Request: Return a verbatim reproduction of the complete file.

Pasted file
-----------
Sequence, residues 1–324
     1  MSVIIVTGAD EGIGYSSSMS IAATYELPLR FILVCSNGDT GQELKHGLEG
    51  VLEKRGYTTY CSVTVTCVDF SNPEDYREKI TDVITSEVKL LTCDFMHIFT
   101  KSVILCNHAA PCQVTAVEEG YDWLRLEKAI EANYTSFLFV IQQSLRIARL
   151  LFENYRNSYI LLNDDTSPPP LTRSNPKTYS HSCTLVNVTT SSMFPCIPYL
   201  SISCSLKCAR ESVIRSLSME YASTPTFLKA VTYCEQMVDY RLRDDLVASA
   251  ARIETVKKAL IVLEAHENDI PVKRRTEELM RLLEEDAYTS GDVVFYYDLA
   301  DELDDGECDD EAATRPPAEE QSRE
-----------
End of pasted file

Sequence, residues 1–324
     1  MSVIIVTGAD EGIGYSSSMS IAATYELPLR FILVCSNGDT GQELKHGLEG
    51  VLEKRGYTTY CSVTVTCVDF SNPEDYREKI TDVITSEVKL LTCDFMHIFT
   101  KSVILCNHAA PCQVTAVEEG YDWLRLEKAI EANYTSFLFV IQQSLRIARL
   151  LFENYRNSYI LLNDDTSPPP LTRSNPKTYS HSCTLVNVTT SSMFPCIPYL
   201  SISCSLKCAR ESVIRSLSME YASTPTFLKA VTYCEQMVDY RLRDDLVASA
   251  ARIETVKKAL IVLEAHENDI PVKRRTEELM RLLEEDAYTS GDVVFYYDLA
   301  DELDDGECDD EAATRPPAEE QSRE